To recap: I doubt your vet or cardiologist will let you put a HCM cat on any psych meds. Hopefully your HCM cat isn't experiencing inappropriate elimination, that term used to describe a cat going out of the box on anything from your rug to your washer. Yes, in our house we've seen it all. When one cat began last summer to not use the box all the time, it led to the others at some point to follow suit.
Eventually, we had to give psych meds to two of our male cats-one because he was bigger and more aggressive towards the younger male and the other cats; and to the other because he was being bullied, was anxious, and not using a litter box all the time. They were both receiving amitriptyline. The larger cat was getting 3/8 of a 10 mg. tab while the younger and smaller male was receiving a quarter tab.
Before giving the meds to the younger male, we worked with him for weeks using various behavioral techniques:
1) It was recommended that I clean the house with orange cleanser and not with lemon or vinegar or anything with ammonia (and many lemon cleansers have ammonia) which I did and it seemed to soothe him.
2) We used Feliaway spray and plug ins-the spray acted as a deterrent on areas where he liked to go, and the plug ins created a soothing effect on both males.
3) We used catnip, first as a playtime activity but then I discovered that by scattering catnip over areas where he liked to go, it deterred him from going there. Yes, there was a slight mess, and yes, it was vacuumed up each week that I cleaned but it worked.
4) We scheduled bathroom breaks and used treats around the boxes and gave him treats for using the box. We tried to determine when he needed to go again and kept an eye on his behavior (when he wanted to go in a room he would sniff around so that was our clue.) Granted, you can't schedule a cat bathroom break but we tried with much success.
5) We used wheat litter and added a wheat litter box to three rooms where there were boxes. We thought if he had negative associations with the clay (if he felt unsure around the boxes for whatever reason) maybe a new litter would not be associated with that fear and that actually worked. He began to use the wheat litter without issue and eventually began to use the clay litter boxes without hesitation.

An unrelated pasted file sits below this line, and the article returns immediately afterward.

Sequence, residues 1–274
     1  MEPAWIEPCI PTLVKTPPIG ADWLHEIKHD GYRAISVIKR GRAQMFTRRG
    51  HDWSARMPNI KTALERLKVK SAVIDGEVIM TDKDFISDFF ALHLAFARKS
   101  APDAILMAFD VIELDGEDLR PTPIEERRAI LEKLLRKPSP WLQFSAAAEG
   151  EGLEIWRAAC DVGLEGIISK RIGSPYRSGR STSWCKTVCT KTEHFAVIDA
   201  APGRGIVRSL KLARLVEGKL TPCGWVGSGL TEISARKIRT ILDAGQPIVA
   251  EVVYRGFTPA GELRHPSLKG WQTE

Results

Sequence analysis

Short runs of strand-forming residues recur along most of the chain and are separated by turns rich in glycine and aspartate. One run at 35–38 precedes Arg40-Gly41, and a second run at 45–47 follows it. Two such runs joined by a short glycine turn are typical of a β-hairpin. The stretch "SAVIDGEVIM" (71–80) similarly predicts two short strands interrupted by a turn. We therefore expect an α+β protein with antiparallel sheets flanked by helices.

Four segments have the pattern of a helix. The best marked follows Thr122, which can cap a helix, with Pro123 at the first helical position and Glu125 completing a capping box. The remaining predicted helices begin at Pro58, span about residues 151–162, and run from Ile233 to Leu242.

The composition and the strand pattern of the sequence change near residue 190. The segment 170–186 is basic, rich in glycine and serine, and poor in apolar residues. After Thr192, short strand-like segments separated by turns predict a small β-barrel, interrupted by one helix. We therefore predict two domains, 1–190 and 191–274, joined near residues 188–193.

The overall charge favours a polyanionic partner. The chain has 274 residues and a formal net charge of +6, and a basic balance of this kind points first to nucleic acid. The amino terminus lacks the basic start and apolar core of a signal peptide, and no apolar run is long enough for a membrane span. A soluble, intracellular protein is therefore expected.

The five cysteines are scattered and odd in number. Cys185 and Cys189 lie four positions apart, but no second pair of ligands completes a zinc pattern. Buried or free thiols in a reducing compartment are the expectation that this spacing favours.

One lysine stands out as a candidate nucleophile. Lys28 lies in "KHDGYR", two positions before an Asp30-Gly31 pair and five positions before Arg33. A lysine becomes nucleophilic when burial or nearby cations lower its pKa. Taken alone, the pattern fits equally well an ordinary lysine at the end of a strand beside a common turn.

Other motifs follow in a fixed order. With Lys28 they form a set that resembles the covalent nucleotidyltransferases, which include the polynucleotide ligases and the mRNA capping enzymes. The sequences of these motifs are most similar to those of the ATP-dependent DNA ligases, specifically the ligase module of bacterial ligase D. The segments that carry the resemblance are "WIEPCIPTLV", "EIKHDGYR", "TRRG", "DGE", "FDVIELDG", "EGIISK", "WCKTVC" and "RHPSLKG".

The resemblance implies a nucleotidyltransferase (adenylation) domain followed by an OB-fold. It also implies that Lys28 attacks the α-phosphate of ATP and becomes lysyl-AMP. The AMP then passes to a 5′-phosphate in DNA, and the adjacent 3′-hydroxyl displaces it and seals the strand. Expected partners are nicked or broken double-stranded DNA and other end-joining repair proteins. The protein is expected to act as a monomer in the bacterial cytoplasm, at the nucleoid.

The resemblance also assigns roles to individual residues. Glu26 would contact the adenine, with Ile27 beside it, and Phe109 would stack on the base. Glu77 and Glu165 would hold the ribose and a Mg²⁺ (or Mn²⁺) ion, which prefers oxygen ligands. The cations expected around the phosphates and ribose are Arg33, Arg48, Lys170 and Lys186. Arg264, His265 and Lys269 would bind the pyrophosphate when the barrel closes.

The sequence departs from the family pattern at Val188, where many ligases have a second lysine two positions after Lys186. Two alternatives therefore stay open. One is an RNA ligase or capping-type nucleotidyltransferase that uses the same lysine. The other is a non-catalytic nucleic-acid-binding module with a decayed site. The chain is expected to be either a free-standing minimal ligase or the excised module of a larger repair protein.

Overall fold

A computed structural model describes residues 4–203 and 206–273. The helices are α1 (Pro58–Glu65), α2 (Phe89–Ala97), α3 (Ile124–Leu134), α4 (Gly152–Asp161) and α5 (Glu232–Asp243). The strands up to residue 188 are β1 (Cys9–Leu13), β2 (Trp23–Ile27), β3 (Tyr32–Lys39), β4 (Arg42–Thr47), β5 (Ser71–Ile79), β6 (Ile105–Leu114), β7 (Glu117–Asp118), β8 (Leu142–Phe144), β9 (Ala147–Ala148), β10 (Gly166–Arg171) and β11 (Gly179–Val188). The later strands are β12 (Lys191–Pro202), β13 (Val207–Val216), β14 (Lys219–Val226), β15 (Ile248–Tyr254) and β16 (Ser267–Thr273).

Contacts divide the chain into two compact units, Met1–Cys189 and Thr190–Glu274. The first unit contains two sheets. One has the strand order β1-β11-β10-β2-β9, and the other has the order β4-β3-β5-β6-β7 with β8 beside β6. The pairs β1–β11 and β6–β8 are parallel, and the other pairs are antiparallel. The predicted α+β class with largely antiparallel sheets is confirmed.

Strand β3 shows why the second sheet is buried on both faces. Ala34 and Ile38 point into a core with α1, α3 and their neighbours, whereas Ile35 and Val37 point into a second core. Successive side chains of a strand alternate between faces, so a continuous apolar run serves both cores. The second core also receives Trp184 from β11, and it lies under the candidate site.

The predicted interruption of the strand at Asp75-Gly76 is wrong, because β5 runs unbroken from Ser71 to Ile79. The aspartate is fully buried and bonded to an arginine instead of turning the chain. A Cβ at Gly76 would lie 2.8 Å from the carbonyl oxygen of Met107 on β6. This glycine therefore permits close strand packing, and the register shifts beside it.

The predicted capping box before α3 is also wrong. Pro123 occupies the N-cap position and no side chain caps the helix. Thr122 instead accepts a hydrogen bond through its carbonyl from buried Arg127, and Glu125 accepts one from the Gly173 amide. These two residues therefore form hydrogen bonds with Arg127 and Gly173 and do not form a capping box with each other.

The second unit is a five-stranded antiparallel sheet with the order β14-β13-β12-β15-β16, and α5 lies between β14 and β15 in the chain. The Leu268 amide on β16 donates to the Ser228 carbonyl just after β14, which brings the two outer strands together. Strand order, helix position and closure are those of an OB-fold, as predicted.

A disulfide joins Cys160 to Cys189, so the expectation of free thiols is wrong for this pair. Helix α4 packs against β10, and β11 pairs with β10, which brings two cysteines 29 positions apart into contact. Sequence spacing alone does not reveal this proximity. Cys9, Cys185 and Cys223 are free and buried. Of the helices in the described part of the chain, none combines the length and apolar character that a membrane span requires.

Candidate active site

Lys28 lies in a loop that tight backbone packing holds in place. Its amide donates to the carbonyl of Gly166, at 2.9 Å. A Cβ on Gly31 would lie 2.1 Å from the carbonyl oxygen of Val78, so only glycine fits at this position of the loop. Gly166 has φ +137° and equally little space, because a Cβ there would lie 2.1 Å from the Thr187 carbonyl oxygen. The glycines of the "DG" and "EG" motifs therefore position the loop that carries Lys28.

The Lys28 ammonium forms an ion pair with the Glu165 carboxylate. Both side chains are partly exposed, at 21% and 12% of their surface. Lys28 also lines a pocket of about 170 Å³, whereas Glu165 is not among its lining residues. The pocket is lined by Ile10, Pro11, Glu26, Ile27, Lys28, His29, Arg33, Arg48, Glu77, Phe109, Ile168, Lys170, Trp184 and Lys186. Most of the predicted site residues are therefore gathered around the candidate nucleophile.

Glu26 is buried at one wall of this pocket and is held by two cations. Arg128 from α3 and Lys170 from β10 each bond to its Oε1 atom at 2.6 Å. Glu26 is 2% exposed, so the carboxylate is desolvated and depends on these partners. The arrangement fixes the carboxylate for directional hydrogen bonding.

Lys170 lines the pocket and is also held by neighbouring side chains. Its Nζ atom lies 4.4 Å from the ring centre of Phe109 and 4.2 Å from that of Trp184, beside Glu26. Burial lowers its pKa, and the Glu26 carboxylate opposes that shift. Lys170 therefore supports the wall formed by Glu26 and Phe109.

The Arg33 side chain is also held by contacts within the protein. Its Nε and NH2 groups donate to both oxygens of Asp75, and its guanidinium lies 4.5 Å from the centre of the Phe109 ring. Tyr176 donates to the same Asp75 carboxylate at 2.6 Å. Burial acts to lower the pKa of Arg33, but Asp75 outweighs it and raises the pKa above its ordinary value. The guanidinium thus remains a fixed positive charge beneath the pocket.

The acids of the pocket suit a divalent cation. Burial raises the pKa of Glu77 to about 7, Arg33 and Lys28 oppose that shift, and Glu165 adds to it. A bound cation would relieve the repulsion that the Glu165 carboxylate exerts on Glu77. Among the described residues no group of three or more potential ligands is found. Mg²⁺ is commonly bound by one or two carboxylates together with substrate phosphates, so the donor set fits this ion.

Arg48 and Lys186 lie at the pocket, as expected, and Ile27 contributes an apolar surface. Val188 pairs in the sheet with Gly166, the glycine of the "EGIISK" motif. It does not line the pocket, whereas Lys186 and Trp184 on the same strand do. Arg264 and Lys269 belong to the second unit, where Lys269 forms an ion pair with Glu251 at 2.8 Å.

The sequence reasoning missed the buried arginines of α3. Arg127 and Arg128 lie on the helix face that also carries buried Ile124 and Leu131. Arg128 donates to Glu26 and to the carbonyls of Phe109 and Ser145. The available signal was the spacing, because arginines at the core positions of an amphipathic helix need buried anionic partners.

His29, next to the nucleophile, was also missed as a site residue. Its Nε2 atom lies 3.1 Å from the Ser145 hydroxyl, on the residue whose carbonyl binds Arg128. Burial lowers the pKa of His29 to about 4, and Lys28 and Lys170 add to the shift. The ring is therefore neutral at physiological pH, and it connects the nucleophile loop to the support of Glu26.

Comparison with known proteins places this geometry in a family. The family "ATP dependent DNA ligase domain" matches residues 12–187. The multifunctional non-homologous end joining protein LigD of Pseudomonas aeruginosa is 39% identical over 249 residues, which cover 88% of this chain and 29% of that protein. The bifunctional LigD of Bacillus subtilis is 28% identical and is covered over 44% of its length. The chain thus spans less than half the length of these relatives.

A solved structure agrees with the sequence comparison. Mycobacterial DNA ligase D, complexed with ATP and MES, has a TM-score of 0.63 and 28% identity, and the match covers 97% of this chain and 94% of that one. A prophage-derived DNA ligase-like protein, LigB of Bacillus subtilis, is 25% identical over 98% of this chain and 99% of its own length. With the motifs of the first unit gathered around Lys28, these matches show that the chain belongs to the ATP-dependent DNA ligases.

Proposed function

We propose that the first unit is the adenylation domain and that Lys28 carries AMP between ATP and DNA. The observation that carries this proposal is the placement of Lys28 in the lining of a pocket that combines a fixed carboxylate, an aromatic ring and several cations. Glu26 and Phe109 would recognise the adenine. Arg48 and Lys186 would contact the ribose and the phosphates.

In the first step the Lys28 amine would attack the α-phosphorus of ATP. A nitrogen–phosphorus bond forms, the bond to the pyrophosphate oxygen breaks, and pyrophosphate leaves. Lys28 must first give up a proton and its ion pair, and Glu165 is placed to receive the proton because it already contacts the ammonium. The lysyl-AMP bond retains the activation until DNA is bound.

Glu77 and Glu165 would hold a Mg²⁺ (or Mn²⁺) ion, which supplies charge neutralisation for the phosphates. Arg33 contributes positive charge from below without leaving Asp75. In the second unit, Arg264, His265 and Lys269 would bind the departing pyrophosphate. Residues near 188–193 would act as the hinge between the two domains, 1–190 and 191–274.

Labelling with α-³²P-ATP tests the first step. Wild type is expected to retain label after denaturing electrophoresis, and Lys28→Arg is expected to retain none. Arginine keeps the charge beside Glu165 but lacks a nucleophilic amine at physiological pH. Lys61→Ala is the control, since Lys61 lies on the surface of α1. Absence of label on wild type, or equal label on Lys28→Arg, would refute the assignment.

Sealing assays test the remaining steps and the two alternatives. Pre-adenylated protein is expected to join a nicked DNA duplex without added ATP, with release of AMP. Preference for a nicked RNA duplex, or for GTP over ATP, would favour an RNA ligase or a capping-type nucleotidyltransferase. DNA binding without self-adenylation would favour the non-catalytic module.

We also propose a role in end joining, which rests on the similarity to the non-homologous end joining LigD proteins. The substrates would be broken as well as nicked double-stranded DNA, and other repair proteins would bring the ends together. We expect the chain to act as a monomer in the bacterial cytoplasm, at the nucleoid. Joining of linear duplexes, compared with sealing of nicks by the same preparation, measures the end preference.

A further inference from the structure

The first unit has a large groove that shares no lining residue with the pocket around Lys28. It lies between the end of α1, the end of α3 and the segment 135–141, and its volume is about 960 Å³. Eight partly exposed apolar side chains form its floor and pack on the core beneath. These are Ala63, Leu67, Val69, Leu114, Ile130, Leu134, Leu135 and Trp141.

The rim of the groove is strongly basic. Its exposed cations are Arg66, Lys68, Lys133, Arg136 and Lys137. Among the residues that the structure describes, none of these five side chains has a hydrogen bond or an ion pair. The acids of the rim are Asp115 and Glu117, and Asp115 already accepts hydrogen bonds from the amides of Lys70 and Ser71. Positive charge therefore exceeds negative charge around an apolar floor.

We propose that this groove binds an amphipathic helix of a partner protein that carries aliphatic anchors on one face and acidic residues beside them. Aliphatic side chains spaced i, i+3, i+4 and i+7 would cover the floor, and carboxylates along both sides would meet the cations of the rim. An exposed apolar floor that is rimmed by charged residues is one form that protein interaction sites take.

6) He had a routine and his own play time, and we alternated nights he slept upstairs with us while the other cats slept downstairs.
7) I gave him treats around various areas of the house where he liked to eliminate and places where I didn't want him to go. I had read that if you gave cat food in those areas, they will not go. So, I began spending time with him, tossing treats around the house. I tossed them into corners and his marked areas first. Then I put them on rugs and the stairs and on furniture. Tossing treats around the house also gave him exercise, time with us, and allowed him to associate those areas with something good and he stopped eliminating in those areas.
The results were good but didn't completely solve the issue. We still had incidents in October and the older male had drawn blood when he attacked the younger male. That's when we decided to put the older one on meds first. While that helped them both a lot, it didn't solve the younger one's problems. So, in November, he went on amitriptyline, also. That solved the majority of his marking/inappropriate out of the box elimination. We were down to only a handful of incidents in December. But still, towards the end of December, he would still mark and the meds seemed to make him a bit wonky-a bit dazed and confused. We wanted to move him to Clomicalm because we had read that it had a higher improvement rate than amitriptyline even though it was the same class of drug (tricyclic.) But the vet recommended that if we were going to change meds, to change to Prozac especially if we thought he might need something long term.
So, first week of January we put him on Prozac. We had given him amitriptyline on Thursday night, and Prozac on Friday night. There was conflicting information about whether or not we should wean him off of the amitriptyline. We decided to go ahead with the Prozac and let them overlap if indeed there was any amitriptyline still in his system. We noticed that on Saturday, he was much less dazed looking in the eyes and was much more active than he had been.
But by Sunday and after, the Prozac kicked in and while he's using the box and so far, no marking issues, he seems a bit anxious, fearful and unsure of what we want when we approach him and only wants to be held or to cuddle part of the time. At other times, he's running and playing and active. His appetite did change immediately-he stopped eating and we had to entice him with regular canned tunafish which he did eat. He has begun to eat his cat food again as well as the tuna. I can't find reliable information on the effect of Prozac on a cat outside of any health issues. No one seems to have made observations about a cat's behavior while on Prozac, only the results (box use, stopped excessive biting or cleaning, etc.)
The one good result is that he's not being aggressive towards Myrna, the HCM cat as he still was a bit while on amitriptyline. The vet said to give him weeks before deciding if we want to move him off of Prozac and back to a tricyclic. The amount of Prozac he needs might need to be adjusted-less, more-too difficult to tell for now.
|The younger male and his sister in the cat tree|